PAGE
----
Backup RBs: Every year we count Frank Gore out and every year he proves us foolish. Even with no Andrew Luck and a shaky Colts offense, he topped 900 yards all three years in Indianapolis. His yards per carry has dipped below 4.0 those three years, but the Miami offense and offensive line might serve him better. He hasn't been as effective in the passing game either, but again it's hard to tell what is age related and what is offense related. A fourth round pick out of Arizona State, rookie Kalen Ballage has had flashes where he looked like he could be an every down back, despite being in a committee. If he wants a shot at a significant number of carries though, he needs to work on his ball security. He's an advanced receiver and will be used early more often in the passing game. Senorise Perry hasn't done much since he ended up in Miami back in 2016, and is likely to end up on special teams if he makes the roster. Brandon Radcliff is a north-south runner who ended up on the practice squad after being an undrafted rookie free agent in Indianapolis and Tennessee.

Fullback:

Wide Receivers

Starters: DeVante Parker, Kenny Stills
Backups: Danny Amendola, Albert Wilson, Leonte Carroo, Jakeem Grant, Rashawn Scott, Francis Owusu, Isaiah Ford, Malcolm Lewis, Drew Morgan

Starting WRs: With Jarvis Landry in Cleveland, DeVante Parker becomes the main man, though it remains to be seen if he can carry that weight. Every season the chatter becomes how he's going to break out and every season he underwhelms and, most of the time, ends up banged up. Adam Gase has praised him, so he'll have a chance, but after a season with no touchdowns post-Week 3 and with no 100-yard games, color us pessimistic. Not long ago, Kenny Stills was not a lock to be brought back, and now he's outlasted Landry. Primarily a deep threat, Stills has put decent yardage total seasons together, but isn't a high volume receiver. If Ryan Tannehill can stay healthy, maybe that changes this year.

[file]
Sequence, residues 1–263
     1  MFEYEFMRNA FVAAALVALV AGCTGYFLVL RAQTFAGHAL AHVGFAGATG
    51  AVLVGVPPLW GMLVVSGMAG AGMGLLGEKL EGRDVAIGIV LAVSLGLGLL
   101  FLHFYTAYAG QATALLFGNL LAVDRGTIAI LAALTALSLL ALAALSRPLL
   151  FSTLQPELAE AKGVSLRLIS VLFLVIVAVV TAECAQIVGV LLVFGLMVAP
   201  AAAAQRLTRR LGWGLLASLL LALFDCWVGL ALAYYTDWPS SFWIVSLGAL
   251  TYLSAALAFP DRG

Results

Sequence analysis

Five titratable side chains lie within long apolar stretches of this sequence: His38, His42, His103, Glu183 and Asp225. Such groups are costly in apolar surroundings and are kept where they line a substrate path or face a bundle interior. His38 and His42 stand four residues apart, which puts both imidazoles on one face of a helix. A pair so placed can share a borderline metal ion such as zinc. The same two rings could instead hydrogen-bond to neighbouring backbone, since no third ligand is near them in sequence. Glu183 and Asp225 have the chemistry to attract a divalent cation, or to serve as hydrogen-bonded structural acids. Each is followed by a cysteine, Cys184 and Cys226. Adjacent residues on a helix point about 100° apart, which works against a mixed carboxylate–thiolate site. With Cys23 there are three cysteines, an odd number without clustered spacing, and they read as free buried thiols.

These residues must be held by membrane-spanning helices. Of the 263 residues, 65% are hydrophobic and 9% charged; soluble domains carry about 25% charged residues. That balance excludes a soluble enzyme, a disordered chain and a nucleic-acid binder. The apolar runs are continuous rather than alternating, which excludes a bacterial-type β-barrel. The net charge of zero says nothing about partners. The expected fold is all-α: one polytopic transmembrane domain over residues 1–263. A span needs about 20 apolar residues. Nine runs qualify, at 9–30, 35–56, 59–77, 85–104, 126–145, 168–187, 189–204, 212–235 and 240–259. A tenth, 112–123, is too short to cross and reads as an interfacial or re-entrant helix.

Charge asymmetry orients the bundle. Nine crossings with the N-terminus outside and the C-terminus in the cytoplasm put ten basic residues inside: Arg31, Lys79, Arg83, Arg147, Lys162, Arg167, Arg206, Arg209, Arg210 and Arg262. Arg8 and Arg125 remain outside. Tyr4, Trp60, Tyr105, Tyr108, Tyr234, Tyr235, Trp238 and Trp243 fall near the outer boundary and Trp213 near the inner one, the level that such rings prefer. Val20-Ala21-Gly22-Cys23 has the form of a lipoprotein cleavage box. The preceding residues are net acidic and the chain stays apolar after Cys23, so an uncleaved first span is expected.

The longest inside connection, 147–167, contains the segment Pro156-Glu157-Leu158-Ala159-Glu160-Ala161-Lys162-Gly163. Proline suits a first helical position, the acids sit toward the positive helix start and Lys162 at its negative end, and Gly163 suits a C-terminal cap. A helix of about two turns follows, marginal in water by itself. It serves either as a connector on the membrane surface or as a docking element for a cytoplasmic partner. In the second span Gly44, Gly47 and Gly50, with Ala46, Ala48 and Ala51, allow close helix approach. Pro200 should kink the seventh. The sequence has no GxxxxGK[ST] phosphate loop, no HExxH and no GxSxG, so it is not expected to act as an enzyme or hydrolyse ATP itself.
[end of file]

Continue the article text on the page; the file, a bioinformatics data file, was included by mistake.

Backup WRs: Jarvis Landry isn't around to run out of the slot, so the team pulled in Danny Amendola and Albert Wilson to fill the role. Amendola may see more time there than Wilson who could also line up outside. Amendola has often been hurt over the course of his career, though, so Wilson will still spend plenty of time there. Leonte Carroo ended up on injured reserve last December, but even when he was healthy, he wasn't on the field much and was vaulted over by Jakeem Grant. Grant wasn't exactly money on the field himself, but there has been some talk about him becoming more involved. Unfortunately, Grant is really short, which limits his effectiveness against the much bigger corners he faces. Rashawn Scott is a solid receiver, but doesn't standout in any way, which is why he has not stuck on an active roster often in the past two years. Francis Owusu has excellent hands, really doesn't have much dimension as a player. Isaiah Ford missed most of last year with a knee injury when he was waived/injured after surgery. Prior to that he had failed to impress in camp. Drew Morgan showed great hands in camp last year but when push came to shove in August he failed to perform. Malcolm Lewis is a practice squad player who will struggle to make the roster.